Odessa, Ukraine (AFP) – Ukrainian President Volodymyr Zelensky visited a Black Sea port on Friday to watch his crews prepare to export grain trapped by Russia’s five-month-old war.A week after a deal was struck to allow essential food supplies to flow to the millions of poor people facing starvation all over the world.
“The first ship, the first ship to be loaded since the beginning of the war,” Zelensky, in his olive shirt, told reporters as he stood next to a Turkish-flagged ship in the port of Chernomorsk in the Odessa region. .
He said the departure of wheat and other grains would start with ships that were already loaded but were unable to leave Ukrainian ports after the invasion of Russia in late February.
Ukraine is a major global exporter of wheatBarley, corn and sunflower oilTheir loss led to a rise in global food pricesPolitical instability threatened And helped push more people into poverty and hunger In already weak countries.
Zelensky said the Ukrainian military is committed to the safety of ships, adding: “It is important for us that Ukraine remains the guarantor of global food security.”
His unannounced visit to the port is part of Ukraine’s effort to show the world that it is about to export millions of tons of grain. Under agreements reached last week that were brokered by Turkey and the United Nations and signed separately between Ukraine and Russia.
The two sides agreed to facilitate the shipment of wheat and other grains from three Ukrainian ports through safe passages on the Black Sea, as well as fertilizers and foodstuffs from Russia..
But a Russian missile strike on Odessa Hours after the agreement was signed, it raised doubts about Moscow’s commitment and raised concerns about the safety of cargo crews, who also have to navigate waters littered with explosive mines.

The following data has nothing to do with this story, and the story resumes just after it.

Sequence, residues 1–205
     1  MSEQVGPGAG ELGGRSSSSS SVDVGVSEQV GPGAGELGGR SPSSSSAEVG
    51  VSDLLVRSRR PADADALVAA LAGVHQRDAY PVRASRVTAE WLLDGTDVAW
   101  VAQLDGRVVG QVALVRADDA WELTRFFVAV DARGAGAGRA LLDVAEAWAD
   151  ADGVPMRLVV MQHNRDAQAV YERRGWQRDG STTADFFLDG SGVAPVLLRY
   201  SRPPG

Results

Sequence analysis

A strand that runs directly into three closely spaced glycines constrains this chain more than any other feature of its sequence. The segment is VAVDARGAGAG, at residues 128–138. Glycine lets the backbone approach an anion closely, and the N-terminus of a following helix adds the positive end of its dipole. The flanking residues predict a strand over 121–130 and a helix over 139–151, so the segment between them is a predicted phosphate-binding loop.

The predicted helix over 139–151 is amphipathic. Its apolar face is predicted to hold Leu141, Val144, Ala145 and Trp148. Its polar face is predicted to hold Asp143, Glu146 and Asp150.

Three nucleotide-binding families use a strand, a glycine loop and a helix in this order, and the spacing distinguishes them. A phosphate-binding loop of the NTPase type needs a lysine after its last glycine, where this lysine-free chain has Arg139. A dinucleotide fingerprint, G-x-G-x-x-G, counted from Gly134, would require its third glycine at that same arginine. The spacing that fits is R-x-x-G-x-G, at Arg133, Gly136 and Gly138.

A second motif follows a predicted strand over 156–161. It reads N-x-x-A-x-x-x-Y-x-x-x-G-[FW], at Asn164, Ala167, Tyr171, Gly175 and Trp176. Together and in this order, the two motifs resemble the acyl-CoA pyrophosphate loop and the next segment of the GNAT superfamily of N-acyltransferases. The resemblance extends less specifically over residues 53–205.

Russia’s Deputy Ambassador to the United Nations Dmitry Polyansky told the UN Security Council in New York on Friday that Ukraine is deploying military goods and equipment in the port of Odessa, “and we will continue to destroy these goods and things, as we did on July 23.”
Kremlin spokesman Dmitry Peskov emphasized “the connection between the removal of grain from Ukrainian ports and the abolition of direct or indirect restrictions on the export of grain, fertilizer and other goods to world markets.”
Security concerns and the complexities of agreements I got off to a slow, cautious start. Time is running out – the deal is only good for 120 days.
The goal over the next four months is to export about 20 million tons of grain from three Ukrainian seaports blockaded since the February 24 invasion. That saves time for about four to five large bulk carriers per day to move grain from ports to millions of people in AfricaThe Middle East and Asia, who are already facing food shortages And in some cases starvation.
Grain output is also critical to Ukraine’s farmerswho are running out of storage capacity due to a new crop.
“We are ready,” Ukrainian Infrastructure Minister Oleksandr Kobrakov told reporters at the port of Odessa on Friday.
But he said Ukraine was waiting for the United Nations to confirm the safe lanes that the ships would use. Meanwhile, he said, a ship in the port of Chernomorsk was loaded with grain.
Lloyd’s List, publisher of global shipping news, noted that while UN officials are pressing for the initial flight this week to show progress, uncertainty over key details is likely to prevent an immediate surge in shipments.
“Until those logistical issues and detailed blueprints for safeguards are published, charters will not be agreed upon and consignments will not be underwritten by insurers,” wrote Bridget Deacon and Richard Mead of Lloyd’s List.
But they noted that UN agencies, such as the World Food Program, had already arranged to lease a large portion of the grain to meet urgent humanitarian needs.
Shipping companies are in no hurry because explosive mines are drifting in the water, ship owners are assessing risks and many are wondering how the agreement will be implemented.
The agreement states that Russia and Ukraine give “maximum guarantees” to ships going to the Ukrainian ports of Odessa, Chernomorsk and Yuzhny.
Smaller Ukrainian pilot boats will guide ships through approved lanes. The whole process will be overseen by a joint coordination center in Istanbul staffed by officials from Ukraine, Russia, Turkey and the United Nations.
Once the ships reach port, they will be loaded with grain before leaving again for the Bosphorus, where they will be boarded to be inspected for weapons. There will likely be inspections of ships bound for Ukraine as well.
Associated Press Writer Aya Elbatrawy in Dubai, United Arab Emirates; Susan Fraser in Ankara, Turkey; and Edith M. Lederer of the United Nations in this report.